After the storm: Dark clouds, green lining
Long before Hurricane Sandy arrived, hardware stores throughout the Eastern Seaboard found themselves swamped with customers trying to stock up on everything from batteries to rubber gloves. But now that the worst is over -- and property damage estimates are in the $50 billion range -- the effect on the home improvement industry is coming into focus.
After two full days of darkness, the New York Stock Exchange opened on Wednesday Oct. 31 to a whirlwind of activity. Traders seemed especially interested in Home Depot and Lowe’s, the nation’s two largest home improvement chains. (Menards, No. 3, is a Midwestern retailer.) Home Depot closed at $61.38, a 2% rise in share price, and Lowe’s was also higher, closing at $32.38, up 3%.
Diane Swonk, chief economist of Mesirow Financial, told the Detroit Free Press that grocery stores and home improvement outlets realized net gains as customers stocked up on emergency supplies. Online retail will likely experience an uptick as shut-in consumers shop the Internet instead.
Swonk also said that homeowners forced to repair damage will likely make further renovations that they've put off, boosting economic growth. The storm is "unleashing pent-up demand," she said. "It's the most perverse stimulus to the economy."
The catastrophe, which took at least 72 lives in the United States alone -- will also provide a job boost to the construction industry.
“We are likely to see localized spikes in construction employment throughout November and the winter as crews are mobilized to rebuild communities damaged by Hurricane Sandy," said Ken Simonson, chief economist for the Associated General Contractors, in a prepared statement.
Reopening and restocking stores that are located in a hurricane’s path has become like military drills for national retailers; they’ve had lots of practice. But even the small independents, as well as their regional warehouses, have become sophisticated when it comes to distribution. Losing power presented a special challenge to supply chain partners, but many used iPads and other satellite-powered communication devices to place and receive orders.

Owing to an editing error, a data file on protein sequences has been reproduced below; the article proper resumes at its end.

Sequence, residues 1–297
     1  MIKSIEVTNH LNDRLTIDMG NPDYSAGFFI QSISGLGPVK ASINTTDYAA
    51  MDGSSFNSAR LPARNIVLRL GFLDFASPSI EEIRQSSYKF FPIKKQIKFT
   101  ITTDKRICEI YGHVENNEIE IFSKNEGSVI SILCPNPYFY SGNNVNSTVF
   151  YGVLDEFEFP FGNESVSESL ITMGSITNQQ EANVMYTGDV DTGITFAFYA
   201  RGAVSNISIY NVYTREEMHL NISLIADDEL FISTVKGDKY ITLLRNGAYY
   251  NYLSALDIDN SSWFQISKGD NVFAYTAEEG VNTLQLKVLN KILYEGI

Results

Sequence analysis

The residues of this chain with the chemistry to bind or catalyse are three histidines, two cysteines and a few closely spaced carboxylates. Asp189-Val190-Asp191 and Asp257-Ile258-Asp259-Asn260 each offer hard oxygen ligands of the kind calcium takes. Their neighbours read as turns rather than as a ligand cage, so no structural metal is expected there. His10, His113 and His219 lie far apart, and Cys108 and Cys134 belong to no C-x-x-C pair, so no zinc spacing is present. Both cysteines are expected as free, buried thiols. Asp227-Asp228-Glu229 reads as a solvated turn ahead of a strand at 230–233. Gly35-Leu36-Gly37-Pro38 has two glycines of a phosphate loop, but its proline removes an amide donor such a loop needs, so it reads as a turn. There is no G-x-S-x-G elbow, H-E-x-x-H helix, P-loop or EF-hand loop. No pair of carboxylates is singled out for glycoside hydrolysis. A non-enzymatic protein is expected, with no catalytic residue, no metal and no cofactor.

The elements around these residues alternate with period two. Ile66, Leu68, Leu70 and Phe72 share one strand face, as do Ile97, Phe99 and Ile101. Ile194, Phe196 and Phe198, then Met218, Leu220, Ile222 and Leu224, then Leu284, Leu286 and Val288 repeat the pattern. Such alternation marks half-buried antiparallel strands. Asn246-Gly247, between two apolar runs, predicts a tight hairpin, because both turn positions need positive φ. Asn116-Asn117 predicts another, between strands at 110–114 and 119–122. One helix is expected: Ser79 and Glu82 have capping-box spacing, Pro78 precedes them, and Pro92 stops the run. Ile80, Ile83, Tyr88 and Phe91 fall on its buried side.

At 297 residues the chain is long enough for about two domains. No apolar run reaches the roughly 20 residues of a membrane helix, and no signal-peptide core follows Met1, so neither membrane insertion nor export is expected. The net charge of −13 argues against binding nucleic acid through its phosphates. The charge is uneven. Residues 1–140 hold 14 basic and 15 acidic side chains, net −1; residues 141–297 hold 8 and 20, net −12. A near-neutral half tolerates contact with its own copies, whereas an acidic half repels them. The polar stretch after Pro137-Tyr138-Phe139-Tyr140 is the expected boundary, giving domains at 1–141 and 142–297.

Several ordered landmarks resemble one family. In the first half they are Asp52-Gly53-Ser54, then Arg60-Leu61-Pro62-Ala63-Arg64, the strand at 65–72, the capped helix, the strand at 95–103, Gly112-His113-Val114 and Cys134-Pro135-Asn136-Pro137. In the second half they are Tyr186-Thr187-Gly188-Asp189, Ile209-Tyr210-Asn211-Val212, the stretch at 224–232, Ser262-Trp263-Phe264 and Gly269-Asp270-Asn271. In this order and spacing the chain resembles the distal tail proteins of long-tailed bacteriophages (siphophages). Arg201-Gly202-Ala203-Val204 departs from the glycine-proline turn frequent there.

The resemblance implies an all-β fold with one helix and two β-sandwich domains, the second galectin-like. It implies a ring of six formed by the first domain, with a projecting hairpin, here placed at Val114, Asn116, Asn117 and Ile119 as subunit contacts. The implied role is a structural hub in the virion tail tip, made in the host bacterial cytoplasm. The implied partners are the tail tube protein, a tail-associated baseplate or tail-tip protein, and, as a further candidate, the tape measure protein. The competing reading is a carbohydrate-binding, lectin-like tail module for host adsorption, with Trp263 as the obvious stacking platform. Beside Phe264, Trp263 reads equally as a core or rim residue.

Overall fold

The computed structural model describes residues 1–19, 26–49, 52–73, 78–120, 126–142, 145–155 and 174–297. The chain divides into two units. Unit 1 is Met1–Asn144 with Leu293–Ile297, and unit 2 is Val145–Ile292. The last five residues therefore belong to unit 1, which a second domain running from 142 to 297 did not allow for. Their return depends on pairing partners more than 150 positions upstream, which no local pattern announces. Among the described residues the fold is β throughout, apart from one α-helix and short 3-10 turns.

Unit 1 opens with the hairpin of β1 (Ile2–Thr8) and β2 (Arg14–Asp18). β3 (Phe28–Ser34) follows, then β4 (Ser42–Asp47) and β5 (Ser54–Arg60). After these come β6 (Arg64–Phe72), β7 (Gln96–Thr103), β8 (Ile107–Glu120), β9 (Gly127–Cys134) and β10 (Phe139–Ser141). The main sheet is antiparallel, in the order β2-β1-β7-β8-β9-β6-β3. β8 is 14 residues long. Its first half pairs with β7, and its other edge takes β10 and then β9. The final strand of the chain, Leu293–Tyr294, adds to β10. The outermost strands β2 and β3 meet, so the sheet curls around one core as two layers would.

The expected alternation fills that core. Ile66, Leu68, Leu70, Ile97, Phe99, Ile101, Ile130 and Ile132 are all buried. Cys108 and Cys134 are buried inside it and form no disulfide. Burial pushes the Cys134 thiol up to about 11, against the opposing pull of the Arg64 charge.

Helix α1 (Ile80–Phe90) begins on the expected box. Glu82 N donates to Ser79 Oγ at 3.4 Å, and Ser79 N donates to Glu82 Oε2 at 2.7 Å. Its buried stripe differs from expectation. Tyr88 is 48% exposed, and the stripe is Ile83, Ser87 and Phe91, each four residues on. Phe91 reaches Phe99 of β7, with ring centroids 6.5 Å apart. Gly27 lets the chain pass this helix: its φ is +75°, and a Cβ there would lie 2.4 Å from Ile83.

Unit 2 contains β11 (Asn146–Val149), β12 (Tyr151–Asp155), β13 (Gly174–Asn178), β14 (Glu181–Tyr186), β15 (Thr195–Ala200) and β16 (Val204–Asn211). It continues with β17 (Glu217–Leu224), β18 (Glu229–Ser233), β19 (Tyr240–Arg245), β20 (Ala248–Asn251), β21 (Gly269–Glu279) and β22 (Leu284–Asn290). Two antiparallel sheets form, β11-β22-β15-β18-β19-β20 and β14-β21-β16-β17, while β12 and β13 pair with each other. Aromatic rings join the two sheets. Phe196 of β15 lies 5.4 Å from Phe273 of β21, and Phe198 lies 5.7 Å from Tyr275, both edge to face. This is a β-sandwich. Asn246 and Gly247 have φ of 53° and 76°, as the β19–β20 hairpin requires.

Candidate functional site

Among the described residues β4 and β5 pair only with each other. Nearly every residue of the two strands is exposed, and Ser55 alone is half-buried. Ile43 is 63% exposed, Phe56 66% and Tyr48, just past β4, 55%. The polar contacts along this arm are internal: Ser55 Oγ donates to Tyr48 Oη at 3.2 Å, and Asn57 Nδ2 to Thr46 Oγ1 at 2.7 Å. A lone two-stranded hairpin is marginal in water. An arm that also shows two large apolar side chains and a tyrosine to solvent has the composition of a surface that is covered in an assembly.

Despite advanced telecommunications systems and meteorological warnings, it was impossible for supply to keep up with all the demand.
On Oct. 29, the day before the hurricane lay siege to the East Coast, a Home Depot in Poughkeepsie, N.Y., sold 140 generators within three hours. But many left empty-handed. So one customer bought a chainsaw just in case a tree fell down on his house, according to the Poughkeepsie Journal.
An editorial about price gouging during natural catastrophes in the Wall Street Journal interviewed an executive of Generac Power Systems, one of the nation’s largest suppliers of commercial and residential generators. Generac (unlike the writer of the op-ed piece) agreed with laws that prohibit the practice. But waiting to buy a generator when everyone else needs one is not a wise shopping decision, the Generac executive pointed out.
Brian Young, a PRO Group hardware store owner in Catskill, N.Y., tried to get his customers to plan ahead with an email blast on Saturday Oct. 27, three days before the storm. He listed what he already had in stock -- generators, disposable propane tanks, sump pumps, kerosene lamps and oil and waterproof boots. After losing his store and two houses to Hurricane Irene, Young doesn’t believe in being too prepared.
In the LBM channel, Weyerhaeuser shut down several of its Northeast distribution facilities, according to a CNBC report. CEO Dan Fulton told the news outlet that the closures would cause a “short-term disruption” in its supply chain. “Supply channels are tight, production channels are strong, and we expect that momentum to continue into the quarter,” Fulton said.
But for now, most households are not quite ready for lumber or engineered wood. All of that will come later, after the insurance money, the FEMA funds and the donations start to trickle in.
Lowe's announced on Oct. 31 that it will donate $1 million to disaster relief and rebuilding efforts in communities affected by Hurricane Sandy. Lowe's will work with its national nonprofit partners to provide both immediate and long-term support to local communities across the Northeast. Its stores are also accepting donations through the Red Cross.